A report by Climate Transparency on Thursday said that the world is far from meeting the 1.5°C global warming limit despite ‘net zero’ commitments by 14 of these nations. It noted that energy-related CO2 emissions plunged by 6% across G20 in 2020 but it’s now projected to increase by 4% with four countries — Argentina, China, India and Indonesia — heading towards exceeding even their 2019 levels.
India is the only developing country in G20 with sufficient “policies and actions” to achieve its current climate action goals by 2030. Climate Transparency is a global partnership of 16 think tanks and NGOs that brings together experts from a majority of G20 countries for this annual stocktake. “Rebounding emissions across the G20, the group responsible for 75% of global GHG emissions, shows that deep and fast cuts in emissions are now urgently nee-ded to achieve net zero announcements,” said Gahee Han from the South Korean organisation Solutions for Our Climate, one of the lead authors of the report.
The emissions plunged globally in 2020 due to lockdowns, which reduced human activity in every sphere. What is worrying is that our 2021 emission levels are projected to surpass 2019 levels. At a time when the planet is hurtling towards an environmental catastrophe, it is in everyone’s interest that emissions are reduced. To that end, extra effort and commitment is needed. The time for cosmetic measures is over. Tough calls are required. There’s no other way out.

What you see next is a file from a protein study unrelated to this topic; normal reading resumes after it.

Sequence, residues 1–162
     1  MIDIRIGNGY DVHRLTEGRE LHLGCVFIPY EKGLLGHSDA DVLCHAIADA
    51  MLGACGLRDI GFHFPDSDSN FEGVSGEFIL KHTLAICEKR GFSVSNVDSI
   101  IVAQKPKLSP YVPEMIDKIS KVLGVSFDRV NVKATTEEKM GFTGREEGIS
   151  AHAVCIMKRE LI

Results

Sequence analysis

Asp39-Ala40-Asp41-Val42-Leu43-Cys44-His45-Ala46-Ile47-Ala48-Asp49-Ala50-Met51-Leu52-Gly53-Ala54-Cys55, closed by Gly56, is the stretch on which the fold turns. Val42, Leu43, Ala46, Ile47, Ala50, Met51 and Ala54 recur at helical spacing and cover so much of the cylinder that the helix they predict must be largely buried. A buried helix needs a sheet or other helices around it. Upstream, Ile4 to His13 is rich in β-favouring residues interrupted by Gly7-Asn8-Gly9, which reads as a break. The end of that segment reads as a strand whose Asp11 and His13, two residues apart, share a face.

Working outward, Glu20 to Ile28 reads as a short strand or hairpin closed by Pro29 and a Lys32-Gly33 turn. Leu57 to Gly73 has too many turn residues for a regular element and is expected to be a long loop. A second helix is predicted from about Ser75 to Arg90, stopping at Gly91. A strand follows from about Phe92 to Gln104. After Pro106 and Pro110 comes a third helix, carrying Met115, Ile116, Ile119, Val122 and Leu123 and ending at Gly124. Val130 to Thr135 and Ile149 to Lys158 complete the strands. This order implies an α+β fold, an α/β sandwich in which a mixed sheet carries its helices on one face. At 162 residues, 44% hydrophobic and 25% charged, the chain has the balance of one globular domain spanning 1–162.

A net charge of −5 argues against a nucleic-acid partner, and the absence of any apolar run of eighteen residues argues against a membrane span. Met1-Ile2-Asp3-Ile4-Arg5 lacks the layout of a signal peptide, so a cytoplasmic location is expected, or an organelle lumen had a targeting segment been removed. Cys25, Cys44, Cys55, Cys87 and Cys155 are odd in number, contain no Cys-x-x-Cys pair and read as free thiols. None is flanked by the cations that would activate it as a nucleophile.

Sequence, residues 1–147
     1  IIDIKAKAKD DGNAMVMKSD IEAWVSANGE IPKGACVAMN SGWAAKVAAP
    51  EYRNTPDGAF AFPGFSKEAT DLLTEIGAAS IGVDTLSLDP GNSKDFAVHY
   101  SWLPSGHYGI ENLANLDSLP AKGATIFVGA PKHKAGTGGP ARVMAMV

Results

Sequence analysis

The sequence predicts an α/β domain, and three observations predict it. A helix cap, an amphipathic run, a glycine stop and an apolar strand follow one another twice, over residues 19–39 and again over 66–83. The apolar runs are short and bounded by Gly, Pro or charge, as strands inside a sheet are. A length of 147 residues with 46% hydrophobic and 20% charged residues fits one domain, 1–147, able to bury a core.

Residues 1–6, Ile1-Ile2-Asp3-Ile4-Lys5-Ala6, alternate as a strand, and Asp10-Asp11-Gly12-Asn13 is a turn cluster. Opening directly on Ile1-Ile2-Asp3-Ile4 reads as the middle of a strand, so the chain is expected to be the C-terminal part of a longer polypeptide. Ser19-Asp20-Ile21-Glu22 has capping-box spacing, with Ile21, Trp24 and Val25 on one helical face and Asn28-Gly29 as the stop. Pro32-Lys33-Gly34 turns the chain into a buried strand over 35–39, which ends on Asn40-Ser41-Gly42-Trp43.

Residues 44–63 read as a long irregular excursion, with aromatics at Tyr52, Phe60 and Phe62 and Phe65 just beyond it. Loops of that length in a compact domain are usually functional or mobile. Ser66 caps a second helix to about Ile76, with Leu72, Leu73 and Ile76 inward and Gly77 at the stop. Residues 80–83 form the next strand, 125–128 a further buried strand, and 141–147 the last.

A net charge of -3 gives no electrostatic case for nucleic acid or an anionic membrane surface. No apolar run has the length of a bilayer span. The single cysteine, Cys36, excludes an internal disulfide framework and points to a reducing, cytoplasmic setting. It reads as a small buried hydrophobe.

The report, however, noted some positive developments, such as the growth of solar and wind power among G20 members, with new records of installed capacities in 2020. On the flip side, the report underlined that in spite of these positive changes, dependence on fossil fuels is not going down. It showed that the consumption of coal is projected to rise by nearly 5% in 2021, while the consumption of gas has increased by 12% across the G20 during 2015-2020.